About the AMEB:
The AMEB (NSW) is a teacher-based organisation. This means that the music or speech and drama teacher contracts with the AMEB (NSW) by enrolling their students for examinations. Therefore the teacher should always be the contact point between you and the AMEB (NSW). If you have any queries about the examination process, please ask the teacher to email or telephone the AMEB (NSW).
The AMEB schedule over 40,000 examinations each year so it is necessary for them to set some rules with regard to examination dates, transfers, late fees and refunds. The following points should be noted:
- Some examination dates may fall during school holidays or long weekends.
- Once a practical examination has been scheduled, transfers are only permitted on very specific candidate-related grounds and are subject to a Transfer Fee.
Preparing for the Exam:
Each grade has specific requirements that are set out in a handbook and syllabus and need to be mastered before the student is ready for an exam.
Generally the requirements are as follows:
- One list piece from each List A, B and C plus 2 extra pieces of your choice.
- “For Leisure” exams only require 3 contrasting pieces to be presented.
- Technical work includes scales set for the grade and any other technical exercises as stated in the Technical workbook for each specific instrument.
Other aspects that are tested:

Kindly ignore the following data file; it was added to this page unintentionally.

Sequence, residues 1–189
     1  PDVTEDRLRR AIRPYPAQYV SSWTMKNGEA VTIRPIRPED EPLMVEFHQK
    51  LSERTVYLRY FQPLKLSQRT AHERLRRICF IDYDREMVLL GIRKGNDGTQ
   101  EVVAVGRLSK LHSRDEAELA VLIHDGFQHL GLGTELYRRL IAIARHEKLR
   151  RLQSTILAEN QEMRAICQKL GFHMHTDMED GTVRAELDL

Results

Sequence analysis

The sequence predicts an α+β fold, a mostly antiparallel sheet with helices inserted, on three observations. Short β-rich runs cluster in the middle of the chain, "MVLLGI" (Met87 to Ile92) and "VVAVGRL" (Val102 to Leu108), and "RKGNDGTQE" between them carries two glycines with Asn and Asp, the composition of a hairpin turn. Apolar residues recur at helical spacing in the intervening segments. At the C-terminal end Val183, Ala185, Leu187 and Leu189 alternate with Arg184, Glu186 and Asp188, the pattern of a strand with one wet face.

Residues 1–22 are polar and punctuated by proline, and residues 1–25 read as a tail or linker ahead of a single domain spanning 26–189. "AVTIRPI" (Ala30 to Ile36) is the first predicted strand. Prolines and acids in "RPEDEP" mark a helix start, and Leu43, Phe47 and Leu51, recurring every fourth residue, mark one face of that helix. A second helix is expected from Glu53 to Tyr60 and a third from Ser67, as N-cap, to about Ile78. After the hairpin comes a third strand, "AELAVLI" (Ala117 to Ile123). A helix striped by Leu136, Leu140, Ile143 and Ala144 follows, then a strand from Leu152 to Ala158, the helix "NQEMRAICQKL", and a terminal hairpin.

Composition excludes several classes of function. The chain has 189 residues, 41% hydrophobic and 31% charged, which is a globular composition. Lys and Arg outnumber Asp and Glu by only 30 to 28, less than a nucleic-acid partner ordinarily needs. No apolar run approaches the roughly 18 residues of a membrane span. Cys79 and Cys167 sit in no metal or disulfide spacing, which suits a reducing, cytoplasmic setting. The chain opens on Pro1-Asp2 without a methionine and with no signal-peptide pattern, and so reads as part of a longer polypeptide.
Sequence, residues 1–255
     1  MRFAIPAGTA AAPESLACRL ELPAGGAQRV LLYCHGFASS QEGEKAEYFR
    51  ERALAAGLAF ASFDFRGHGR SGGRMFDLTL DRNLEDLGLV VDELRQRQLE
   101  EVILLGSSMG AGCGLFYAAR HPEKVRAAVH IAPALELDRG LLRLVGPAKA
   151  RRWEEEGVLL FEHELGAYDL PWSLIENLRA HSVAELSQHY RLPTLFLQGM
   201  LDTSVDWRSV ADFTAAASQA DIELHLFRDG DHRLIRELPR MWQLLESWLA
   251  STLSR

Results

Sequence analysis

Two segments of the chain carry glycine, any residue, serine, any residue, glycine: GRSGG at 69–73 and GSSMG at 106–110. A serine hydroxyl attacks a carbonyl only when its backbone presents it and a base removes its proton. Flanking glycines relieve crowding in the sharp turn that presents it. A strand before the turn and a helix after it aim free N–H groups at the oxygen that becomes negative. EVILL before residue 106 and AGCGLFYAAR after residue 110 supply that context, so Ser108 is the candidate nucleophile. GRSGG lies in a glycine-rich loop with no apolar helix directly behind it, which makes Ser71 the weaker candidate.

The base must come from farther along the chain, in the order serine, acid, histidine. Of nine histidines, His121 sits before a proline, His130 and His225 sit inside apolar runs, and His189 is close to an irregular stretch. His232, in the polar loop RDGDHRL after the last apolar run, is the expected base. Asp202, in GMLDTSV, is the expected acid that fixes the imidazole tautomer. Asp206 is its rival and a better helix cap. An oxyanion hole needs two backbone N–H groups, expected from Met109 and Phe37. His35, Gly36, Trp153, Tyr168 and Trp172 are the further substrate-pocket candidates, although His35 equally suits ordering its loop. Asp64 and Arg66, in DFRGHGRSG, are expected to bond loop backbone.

- Aural: listening exercises that will be practiced in lessons with the teacher prior to the exam
- General Knowledge: the student needs to have general musical knowledge in relation to musical terms written on their pieces, meaning and definitions, key signatures, time signatures and form. Higher grades need to be aware of musical period characteristics, style and knowledge about the composer.
- Sight reading: a small excerpt is presented to the student in the examination and they have 1 or 2 minutes to study it and then play it for the examiner.
Extra requirements for instrumentalists:
- If your child plays an instrument that requires accompaniment, for instance, flute, clarinet, saxophone, violin, brass, and sometimes vocal; they will require to organise rehearsals with an accompanist who needs to be available to also attend the examination.
- the cost of the accompanist is dependant on the individual and varies greatly. As the student moves up through the grades the accompanist needs to be very accomplished, as theaccompanying piano parts are usually extremely difficult and not suited to amateur musicians.
How do I know if my child is ready for an exam?
- The best person to determine if your child is ready is the teacher. The teacher has experience and can judge whether the child will be able to perform under the pressure of an exam to an adequate standard.
- one way for you to get some idea is to become an active learning partner with your child. Listen to the playing their pieces at home, ask them to play through their list of scales for you as though you are testing spelling words. You will recognise if a scale sounds correct or if there are alot of hesitations or mistakes.
- to prepare adequately for an exam, the student needs to be practicing consistently throughout the week. This includes school holiday periods as there can often be a 3 week period with no lessons which can impact exam readiness especially through the September/October holidays.
Always feel free to approach your childs teacher with any questions that you may have in regards to your child’s readiness or the requirements of the examination. At the end of the day, you are paying for the exam and you want to be sure that you understand how you can support your child at home to get the best result possible for your child.
If there are any other questions that you have regarding exams that I haven’t answered, feel free to ask me here in the comments field and I will attempt to answer them.
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